|Now we see why TI calls it the 'Launchpad'. You program the MSP430, then launch it off to it's destination. Notice the empty socket on the Launchpad in the foreground, and the MSP430 microprocessor ruling the breadboard in the background. Fun stuff!|
I got my feet wet with my first Arduino circuit the other day, now it's time to get started with the TI Launchpad's 'Hello World' circuit. The MSP-430 chip is preloaded with the code, so I decided to try something new and build the circuit on the breadboard, without the Launchpad board at all.
It's a very ugly circuit, mostly because I decided to put two AA batteries on the bread board too. I wired them up in series, supplying the MPS-430 with 3.2 volts. The only battery pack I have wired up is a 9V battery pack, and I didn't have a voltage regulator on hand. I could have hacked up a USB cable, but that would still leave me at 5V, well over the max input voltage of 3.3V. So I was stuck with either using a AA battery or two or plugging USB into the chipless Launchpad board, then taking the 3.3 volts out of the regulator and jumping it over to the breadboard. I wanted to do it all on one board though.
Sidenote - when fooling with the Launchpad board earlier I was using a 9V battery as the input, assuming the onboard voltage regulator would knock the voltage down to the required level. I was curious about the tiny voltage regulator, so I found the part number in the manual - TPS77301DGKR ( .87 at Digikey). The part shows an input range of 2.7V - 10V, but it has a variable output range also of 1.5V-5.5V. I tested the Vcc-in and found 5.4 volts - way too hot. So, the bottom line is you want to keep the input voltage at 5V or less to get 3.3 V at Vcc. Nowhere in the manual does it tell you this, I had to figure it out looking up the part info and testing with the multi-meter.
So, I decided to build the Hello World circuit on the breadboard to showcase one of the features the Launchpad has over the Arduino Uno. Not only can you program the MSP-430 chip in place, but you can simply pull the programmed chip out of the socket and plug it into your breadboard and you're ready to go. The Arduino Uno's Atmel chip, at least on my version, is an SMD part that is soldered to the board, so it's really only useful for prototyping only. Not only can the Launchpad program and 'launch' the finished MSP-430 to the destination board, but TI was thoughtful enough to include another MSP-430 chip in the $4.30 development package. There is a MSP430G2553 in the Launchpad socket and a spare MSP430G2452 in an anti-static bag in the box.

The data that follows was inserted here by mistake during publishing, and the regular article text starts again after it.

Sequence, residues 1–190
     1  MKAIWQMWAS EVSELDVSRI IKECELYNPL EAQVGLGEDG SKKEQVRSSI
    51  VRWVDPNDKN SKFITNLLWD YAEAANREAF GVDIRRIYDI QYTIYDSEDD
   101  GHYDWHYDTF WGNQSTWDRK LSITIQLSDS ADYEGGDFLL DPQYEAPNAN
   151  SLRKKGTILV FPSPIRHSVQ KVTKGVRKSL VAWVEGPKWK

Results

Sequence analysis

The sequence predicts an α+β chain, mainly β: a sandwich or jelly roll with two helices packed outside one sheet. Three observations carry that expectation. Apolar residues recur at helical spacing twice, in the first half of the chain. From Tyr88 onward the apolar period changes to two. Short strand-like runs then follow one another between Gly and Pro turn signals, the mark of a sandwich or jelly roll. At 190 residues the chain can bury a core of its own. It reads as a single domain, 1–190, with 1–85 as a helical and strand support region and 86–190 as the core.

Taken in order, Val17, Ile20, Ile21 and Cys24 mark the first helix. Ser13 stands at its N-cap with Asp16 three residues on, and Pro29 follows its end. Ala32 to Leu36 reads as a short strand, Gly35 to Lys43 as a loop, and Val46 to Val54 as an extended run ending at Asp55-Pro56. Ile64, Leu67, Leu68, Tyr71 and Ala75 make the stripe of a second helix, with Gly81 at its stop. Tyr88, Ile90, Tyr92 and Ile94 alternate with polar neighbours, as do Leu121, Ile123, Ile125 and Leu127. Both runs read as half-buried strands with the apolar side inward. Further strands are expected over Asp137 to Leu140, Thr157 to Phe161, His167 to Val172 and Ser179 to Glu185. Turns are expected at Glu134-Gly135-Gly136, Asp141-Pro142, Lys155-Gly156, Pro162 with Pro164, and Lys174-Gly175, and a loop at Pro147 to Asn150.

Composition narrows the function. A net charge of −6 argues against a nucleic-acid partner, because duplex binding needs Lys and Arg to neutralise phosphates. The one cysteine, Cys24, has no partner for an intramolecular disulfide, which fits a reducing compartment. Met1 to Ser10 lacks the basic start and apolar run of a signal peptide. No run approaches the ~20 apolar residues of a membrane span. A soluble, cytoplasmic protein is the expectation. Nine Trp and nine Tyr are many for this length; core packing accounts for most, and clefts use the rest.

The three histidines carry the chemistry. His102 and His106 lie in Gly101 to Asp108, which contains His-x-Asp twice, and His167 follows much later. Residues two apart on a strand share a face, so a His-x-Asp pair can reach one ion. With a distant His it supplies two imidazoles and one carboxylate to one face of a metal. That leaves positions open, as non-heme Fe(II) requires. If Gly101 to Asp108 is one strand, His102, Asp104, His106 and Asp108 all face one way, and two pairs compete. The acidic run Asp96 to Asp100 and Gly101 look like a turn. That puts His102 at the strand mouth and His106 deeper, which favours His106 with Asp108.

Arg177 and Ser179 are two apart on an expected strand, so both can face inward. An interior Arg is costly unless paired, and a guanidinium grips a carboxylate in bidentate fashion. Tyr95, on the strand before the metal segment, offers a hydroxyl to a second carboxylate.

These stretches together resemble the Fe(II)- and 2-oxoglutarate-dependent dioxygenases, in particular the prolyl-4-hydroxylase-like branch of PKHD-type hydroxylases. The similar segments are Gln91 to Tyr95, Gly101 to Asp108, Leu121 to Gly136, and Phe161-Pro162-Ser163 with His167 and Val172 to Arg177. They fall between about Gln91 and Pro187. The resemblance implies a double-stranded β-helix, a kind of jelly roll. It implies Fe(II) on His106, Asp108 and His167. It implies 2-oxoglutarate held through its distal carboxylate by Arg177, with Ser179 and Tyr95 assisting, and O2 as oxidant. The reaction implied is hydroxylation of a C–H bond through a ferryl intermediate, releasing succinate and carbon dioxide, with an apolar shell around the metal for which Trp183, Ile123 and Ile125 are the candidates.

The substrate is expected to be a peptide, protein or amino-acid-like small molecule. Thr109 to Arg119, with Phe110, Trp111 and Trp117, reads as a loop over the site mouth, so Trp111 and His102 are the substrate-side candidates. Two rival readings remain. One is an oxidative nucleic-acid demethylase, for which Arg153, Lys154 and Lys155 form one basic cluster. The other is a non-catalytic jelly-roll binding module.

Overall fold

The build was pretty simple, as ugly as it looks. I had to get creative in a few spots because of all the room the AA's were taking. The only part I struggled with was the reset pin. I had read at http://www.43oh.com that someone had forgot to hook up the reset pin. So I was on top of that, I thought. I kept hooking the Reset pin up to ground, trying different amounts of resistance, etc., but nothing worked. While I was doing that, I figured out that I had fogotten to hook up the ground lead of the micro. DOH! Then it took me another 30 minutes to give up and look at the post at 43oh that I had read earlier. The reset pin goes to Vcc not ground dummy! Double DOH!!! I hook the Reset pin up to Vcc and the circuit works like a charm. Success!
Another side note - I decided to try the AA between the headers trick after reading the Instructable.com - Guerilla Battery Holder for your Breadboard. The only difference is they were using a coin sized 3V cell. I can attest the trick doesn't work near as well with a AA. But it worked.
This Hello World project was VERY satisfying. A very simple circuit but I learned a ton, and once I realized how easily I can throw a $1 microcontroller on a breadboard and make it work...I start to realize the possibilities. At least for this first project, the TI Launchpad showed a lot more versatility and value than the Arduino Uno...especially at the price.